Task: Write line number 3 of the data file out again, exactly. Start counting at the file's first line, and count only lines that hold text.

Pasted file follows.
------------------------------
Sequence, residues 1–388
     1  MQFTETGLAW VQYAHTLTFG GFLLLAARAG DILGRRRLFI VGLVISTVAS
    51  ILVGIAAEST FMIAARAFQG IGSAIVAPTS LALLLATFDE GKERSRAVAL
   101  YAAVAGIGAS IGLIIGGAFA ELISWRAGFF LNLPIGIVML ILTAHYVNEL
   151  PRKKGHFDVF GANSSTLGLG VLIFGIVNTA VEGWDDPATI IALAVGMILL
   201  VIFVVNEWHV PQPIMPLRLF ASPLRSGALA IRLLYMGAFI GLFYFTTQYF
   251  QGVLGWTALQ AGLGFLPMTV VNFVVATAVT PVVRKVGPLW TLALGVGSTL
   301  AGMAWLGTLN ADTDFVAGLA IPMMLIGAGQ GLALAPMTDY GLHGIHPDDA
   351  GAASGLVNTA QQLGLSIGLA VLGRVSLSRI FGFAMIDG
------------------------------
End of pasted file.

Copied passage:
    51  ILVGIAAEST FMIAARAFQG IGSAIVAPTS LALLLATFDE GKERSRAVAL